AMSTERDAM (Reuters) - Dutch anti-immigration party leader Geert Wilders told judges at the end of his discrimination trial on Wednesday "I am no racist" and said anyone who wanted to silence him would have to kill him first.
Virtually tied in opinion polls with the VVD party of conservative Prime Minister Mark Rutte ahead of a March 15 parliamentary election, Wilders' tough stance on immigration has set the national agenda for a decade.
He made the comments in a final statement in his trial on charges of discrimination and inciting hatred for remarks during 2014 campaigning that he wanted "fewer" Moroccans in the Netherlands.
"I am not a racist and my supporters are not racists either," he said. "I speak not only on my behalf. My voice is the voice of many. In the name of all those Dutch citizens I call on you to acquit me, acquit us."
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Prosecutors, who reject Wilders' claim that the trial is about the right to free speech, demanded last Thursday that he pay a fine of 5,000 euros ($5,400) but did not ask for a prison sentence to be imposed. [nL8N1DI34R]
"I stand alone today, but I am not the only one on trial here. You will be judging millions of men and women in the Netherlands," Wilders told the court during 30 minutes of politically charged remarks.
He said that calling for fewer Moroccans in the Netherlands was obviously not meant as a call for genocide, but to carry out his party's agenda, including expelling criminals with dual Moroccan nationality, a stricter immigration policy and an "active voluntary repatriation policy".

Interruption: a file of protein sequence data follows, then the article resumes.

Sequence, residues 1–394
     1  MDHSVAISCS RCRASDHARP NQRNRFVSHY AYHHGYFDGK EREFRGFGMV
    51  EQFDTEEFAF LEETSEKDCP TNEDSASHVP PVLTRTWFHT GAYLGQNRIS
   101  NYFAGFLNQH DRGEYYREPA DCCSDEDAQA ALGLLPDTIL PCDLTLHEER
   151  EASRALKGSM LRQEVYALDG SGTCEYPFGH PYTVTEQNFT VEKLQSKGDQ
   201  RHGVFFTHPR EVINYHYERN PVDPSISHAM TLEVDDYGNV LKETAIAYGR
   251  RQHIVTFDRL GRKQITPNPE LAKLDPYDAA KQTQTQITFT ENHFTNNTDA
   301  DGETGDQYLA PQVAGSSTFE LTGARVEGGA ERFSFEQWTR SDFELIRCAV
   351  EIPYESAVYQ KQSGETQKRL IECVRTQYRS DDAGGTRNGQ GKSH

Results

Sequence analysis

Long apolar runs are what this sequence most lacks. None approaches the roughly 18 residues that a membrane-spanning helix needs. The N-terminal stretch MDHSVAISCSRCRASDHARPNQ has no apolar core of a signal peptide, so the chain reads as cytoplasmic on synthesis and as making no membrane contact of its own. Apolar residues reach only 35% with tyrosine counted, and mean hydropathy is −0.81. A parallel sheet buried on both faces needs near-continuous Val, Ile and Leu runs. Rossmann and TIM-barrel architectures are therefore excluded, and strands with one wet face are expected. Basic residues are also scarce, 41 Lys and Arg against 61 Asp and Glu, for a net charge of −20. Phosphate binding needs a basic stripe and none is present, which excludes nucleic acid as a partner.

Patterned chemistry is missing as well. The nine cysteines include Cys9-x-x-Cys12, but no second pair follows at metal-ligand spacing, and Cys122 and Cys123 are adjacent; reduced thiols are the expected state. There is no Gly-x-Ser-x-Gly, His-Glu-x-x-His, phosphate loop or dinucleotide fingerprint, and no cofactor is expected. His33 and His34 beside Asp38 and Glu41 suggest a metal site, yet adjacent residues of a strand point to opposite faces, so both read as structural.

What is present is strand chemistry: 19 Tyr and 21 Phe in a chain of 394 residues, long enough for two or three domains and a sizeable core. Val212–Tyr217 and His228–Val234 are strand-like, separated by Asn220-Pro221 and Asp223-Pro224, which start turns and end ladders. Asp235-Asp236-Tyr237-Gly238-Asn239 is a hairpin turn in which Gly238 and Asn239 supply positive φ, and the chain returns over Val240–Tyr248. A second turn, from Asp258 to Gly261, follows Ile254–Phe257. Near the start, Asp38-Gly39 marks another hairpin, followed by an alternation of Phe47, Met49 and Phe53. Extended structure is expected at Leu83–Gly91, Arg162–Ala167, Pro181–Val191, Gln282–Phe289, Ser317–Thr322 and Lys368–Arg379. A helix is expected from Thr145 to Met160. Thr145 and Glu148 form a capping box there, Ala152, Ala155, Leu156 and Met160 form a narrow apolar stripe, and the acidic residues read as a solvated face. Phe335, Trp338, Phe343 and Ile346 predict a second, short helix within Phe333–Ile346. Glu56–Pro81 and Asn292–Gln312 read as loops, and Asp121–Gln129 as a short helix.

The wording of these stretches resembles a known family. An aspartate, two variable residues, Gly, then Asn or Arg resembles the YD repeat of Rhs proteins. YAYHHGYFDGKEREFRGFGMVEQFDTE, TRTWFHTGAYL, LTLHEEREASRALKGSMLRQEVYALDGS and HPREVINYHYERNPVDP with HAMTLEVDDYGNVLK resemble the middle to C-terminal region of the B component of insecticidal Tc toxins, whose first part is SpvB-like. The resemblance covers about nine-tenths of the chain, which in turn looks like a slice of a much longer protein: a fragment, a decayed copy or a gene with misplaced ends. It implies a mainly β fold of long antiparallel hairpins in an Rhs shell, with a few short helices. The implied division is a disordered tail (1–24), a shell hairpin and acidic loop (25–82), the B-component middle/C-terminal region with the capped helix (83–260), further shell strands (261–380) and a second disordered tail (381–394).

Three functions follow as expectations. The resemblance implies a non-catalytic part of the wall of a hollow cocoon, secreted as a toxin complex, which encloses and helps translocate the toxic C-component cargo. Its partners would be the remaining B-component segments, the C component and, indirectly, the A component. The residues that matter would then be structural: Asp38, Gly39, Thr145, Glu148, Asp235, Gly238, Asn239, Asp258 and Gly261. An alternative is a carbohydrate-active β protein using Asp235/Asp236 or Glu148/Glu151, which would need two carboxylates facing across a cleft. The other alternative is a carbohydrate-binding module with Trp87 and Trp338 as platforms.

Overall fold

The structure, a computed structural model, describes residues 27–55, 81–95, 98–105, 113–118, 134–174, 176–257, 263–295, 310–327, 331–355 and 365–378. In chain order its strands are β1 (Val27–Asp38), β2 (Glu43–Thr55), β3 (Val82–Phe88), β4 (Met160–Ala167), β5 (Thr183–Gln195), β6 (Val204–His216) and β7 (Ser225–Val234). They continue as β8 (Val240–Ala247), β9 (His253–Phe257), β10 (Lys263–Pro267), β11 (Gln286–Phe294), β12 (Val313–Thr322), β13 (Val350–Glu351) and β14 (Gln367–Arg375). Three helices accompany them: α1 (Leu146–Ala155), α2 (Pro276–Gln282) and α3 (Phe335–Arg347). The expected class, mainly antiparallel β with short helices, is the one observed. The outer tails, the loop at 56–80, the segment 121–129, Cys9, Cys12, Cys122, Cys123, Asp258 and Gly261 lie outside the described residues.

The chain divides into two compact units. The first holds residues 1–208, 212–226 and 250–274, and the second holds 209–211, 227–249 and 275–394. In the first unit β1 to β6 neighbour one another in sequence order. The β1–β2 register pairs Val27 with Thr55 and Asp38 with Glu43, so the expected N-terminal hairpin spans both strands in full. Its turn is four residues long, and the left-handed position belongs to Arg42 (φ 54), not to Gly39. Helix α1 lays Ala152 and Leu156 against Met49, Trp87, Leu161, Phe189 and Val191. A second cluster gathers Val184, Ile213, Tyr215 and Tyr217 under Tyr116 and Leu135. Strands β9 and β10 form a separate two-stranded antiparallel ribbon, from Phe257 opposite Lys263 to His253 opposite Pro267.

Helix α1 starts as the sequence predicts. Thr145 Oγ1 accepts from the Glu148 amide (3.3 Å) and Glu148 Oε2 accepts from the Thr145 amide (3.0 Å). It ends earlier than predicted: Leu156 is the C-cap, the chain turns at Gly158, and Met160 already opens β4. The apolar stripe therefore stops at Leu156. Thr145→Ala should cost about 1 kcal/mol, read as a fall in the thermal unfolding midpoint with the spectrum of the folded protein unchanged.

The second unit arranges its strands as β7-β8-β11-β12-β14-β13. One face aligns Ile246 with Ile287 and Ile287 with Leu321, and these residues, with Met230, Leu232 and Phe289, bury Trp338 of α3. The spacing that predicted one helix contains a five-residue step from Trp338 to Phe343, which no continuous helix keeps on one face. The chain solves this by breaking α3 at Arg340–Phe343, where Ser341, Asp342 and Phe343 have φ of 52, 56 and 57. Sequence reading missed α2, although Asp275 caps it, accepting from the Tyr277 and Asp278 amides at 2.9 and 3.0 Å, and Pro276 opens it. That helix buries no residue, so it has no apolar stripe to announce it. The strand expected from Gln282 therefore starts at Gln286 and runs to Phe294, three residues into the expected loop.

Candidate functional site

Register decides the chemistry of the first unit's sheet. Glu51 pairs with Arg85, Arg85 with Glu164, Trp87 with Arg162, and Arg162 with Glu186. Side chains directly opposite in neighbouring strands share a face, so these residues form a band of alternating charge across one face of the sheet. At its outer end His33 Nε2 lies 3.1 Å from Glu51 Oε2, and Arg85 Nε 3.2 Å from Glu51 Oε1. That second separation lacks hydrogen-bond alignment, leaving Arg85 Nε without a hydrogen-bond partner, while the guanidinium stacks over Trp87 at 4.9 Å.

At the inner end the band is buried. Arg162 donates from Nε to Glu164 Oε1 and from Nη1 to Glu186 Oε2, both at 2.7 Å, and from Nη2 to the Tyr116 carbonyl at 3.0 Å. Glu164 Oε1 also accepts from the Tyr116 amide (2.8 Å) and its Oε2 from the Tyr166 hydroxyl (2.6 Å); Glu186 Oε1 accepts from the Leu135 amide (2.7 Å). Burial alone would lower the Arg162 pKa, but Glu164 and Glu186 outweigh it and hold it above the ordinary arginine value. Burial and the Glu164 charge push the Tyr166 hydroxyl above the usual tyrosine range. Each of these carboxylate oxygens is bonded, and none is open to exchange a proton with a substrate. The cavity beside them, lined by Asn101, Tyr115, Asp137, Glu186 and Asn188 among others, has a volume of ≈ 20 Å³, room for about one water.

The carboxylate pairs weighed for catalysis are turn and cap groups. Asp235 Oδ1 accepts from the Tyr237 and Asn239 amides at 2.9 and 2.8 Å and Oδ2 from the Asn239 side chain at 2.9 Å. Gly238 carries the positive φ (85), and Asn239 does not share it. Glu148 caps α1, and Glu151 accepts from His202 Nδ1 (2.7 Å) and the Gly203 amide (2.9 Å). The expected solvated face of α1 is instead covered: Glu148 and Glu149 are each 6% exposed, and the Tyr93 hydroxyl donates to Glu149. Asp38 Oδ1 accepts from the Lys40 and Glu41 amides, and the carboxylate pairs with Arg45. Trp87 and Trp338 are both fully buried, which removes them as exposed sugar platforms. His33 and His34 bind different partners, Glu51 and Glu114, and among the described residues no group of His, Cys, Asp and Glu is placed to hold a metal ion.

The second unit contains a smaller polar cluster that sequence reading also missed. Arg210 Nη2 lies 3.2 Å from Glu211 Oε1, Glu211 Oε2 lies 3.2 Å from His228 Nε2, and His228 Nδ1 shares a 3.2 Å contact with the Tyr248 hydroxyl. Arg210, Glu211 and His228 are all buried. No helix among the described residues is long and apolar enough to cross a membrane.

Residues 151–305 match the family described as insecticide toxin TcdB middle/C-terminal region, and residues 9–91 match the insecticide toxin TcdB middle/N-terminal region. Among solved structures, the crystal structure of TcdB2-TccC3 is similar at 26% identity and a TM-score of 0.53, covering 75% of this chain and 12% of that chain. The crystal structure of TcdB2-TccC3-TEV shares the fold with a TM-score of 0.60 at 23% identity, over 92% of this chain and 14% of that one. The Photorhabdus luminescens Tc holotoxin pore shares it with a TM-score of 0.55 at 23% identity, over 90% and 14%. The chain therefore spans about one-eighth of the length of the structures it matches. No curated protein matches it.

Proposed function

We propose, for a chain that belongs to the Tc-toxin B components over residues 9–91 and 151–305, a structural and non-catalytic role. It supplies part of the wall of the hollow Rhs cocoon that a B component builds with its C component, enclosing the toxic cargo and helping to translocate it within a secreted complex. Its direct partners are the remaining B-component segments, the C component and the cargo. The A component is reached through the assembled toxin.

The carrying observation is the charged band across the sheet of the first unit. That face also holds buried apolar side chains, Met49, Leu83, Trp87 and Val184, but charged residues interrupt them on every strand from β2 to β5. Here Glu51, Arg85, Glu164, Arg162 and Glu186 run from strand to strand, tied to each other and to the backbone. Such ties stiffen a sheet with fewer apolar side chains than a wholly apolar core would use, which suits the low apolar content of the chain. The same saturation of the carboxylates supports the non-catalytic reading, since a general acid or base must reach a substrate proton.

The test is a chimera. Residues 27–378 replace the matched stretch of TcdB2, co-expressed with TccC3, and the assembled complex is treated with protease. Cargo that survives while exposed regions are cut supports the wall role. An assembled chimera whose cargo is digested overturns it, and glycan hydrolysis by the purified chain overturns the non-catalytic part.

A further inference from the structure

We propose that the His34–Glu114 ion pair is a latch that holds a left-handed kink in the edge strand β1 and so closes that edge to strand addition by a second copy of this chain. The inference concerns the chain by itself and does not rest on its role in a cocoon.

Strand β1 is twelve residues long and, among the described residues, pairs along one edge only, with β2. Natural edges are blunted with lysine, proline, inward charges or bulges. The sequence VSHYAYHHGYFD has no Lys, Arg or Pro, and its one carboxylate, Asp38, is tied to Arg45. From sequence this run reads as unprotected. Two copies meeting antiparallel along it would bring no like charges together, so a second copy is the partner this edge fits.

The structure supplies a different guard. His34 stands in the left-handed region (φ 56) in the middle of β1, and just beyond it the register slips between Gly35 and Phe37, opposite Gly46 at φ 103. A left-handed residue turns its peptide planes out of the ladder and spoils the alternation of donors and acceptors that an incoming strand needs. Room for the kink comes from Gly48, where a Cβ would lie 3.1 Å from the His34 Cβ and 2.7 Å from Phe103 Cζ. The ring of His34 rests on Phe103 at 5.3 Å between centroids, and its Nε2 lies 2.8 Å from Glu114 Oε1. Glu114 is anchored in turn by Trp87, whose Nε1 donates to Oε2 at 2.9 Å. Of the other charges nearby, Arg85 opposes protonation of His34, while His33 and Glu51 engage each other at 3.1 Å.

Wilders has never governed, but his anti-Islam, anti-EU stances have won him widespread public support.
He told the judges not to be puppets of the government, which he said brought the trial to try to silence opposition.
"Anyone who wants to stop me will have to kill me first," he said.
Wilders, who won more than a million votes in 2012 and is poised to double that number next March, said that more than 40 percent of Dutch people agree with his call for fewer Moroccans.
He says Moroccans make up a disproportionate number of welfare recipients and criminals in the country, whose 400,000 Moroccans make up about 2 percent of the population.
At a televised event on March 19, 2014, Wilders had asked supporters whether they wanted more or fewer Moroccans. They chanted: "Fewer! Fewer! Fewer!". A smiling Wilders responded, "We'll take care of that."
(Reporting by Anthony Deutsch; Editing by Louise Ireland)